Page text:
Sara (Da Som) Kim is an undergraduate student at the University of California, Berkeley. She is a Social Media Assistant at Cancer InCytes.


Reference: Batha, Emma. “Child marriages, trafficking will soar after Nepal quake.” F. World. May 20, 2015. URL: http://www.firstpost.com/world/child-marriages-trafficking-will-soar-after-nepal-quake-charity-reuters-2253038.html. Date accessed 5/20/15.

Photo Credit: AFP/ Getty Images/ P. Mathema.
[http://www.dw.de/nepal-earthquake-death-toll-climbs-over-2100/a-18408901]

Program Assistance Helped Save Filipina Mom from Traffickers

By: Charmaine Santos

Edited by: Sharon E. Chin

 

filipino momo

Joy, whose real name is withheld to protect identity, and her husband made coconut wine and sold two barrels a week to support their family in the hills of Ormoc City in the central Philippine islands. Nearly half the population in the region lives in poverty. When Super Typhoon Haiyan came in November 2013, it destroyed most of the infrastructure that laid in its path and the winds damaged up to 90% of the coconut trees in some areas. Those who depended on these coconut trees to make a living were then left with no source of income and faced even more hardships.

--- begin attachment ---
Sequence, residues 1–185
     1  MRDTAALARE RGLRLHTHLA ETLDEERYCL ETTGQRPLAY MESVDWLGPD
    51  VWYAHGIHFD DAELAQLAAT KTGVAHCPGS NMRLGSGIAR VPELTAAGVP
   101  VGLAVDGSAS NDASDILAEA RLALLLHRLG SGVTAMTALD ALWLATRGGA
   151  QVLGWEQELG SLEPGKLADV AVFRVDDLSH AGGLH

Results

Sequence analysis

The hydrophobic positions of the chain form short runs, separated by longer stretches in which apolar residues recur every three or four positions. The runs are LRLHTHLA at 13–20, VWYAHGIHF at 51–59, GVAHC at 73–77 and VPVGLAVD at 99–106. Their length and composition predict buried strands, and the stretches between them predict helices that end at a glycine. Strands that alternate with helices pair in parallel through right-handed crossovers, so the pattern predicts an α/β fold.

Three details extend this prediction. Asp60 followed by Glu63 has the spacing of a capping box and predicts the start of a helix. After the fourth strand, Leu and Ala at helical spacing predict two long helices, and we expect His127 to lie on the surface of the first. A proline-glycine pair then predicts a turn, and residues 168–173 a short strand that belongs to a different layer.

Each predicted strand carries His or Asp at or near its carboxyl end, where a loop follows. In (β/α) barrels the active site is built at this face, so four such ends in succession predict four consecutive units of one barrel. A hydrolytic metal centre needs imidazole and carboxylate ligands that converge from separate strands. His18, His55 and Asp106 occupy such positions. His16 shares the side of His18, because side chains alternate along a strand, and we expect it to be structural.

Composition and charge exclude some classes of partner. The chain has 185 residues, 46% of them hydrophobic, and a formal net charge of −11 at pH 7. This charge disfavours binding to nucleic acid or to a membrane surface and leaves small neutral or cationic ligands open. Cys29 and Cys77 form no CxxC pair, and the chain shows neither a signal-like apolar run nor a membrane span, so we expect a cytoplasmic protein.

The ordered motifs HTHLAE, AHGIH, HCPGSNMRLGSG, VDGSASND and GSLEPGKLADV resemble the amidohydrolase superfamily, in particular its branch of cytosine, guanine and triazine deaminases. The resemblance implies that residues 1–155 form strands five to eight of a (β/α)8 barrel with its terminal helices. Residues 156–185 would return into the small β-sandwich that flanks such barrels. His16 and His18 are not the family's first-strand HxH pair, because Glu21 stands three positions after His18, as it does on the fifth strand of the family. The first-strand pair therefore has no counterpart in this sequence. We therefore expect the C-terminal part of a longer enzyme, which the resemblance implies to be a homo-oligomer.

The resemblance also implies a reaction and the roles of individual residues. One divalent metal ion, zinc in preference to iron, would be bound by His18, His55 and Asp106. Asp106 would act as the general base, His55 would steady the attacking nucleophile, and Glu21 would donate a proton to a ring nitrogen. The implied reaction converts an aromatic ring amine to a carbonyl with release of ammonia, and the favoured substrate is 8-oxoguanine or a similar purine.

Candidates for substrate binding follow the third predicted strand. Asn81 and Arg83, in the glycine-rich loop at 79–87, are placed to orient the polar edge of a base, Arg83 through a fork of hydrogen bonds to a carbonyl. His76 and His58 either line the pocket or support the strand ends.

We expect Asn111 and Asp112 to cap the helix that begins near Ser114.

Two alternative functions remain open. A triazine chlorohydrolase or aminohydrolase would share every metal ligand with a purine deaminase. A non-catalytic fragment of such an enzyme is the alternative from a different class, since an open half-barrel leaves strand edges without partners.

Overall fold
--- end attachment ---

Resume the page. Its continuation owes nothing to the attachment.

Having no house or food, Joy desperately sought work and found a job as a domestic helper for $50/month. After Joy moved to work in a nearby province for $70/month, Joy’s employers kept her without pay for 7 months and physically abused her. Joy could not escape and shared, “I didn’t think I would make it out alive. I thank God every day that I am still breathing.”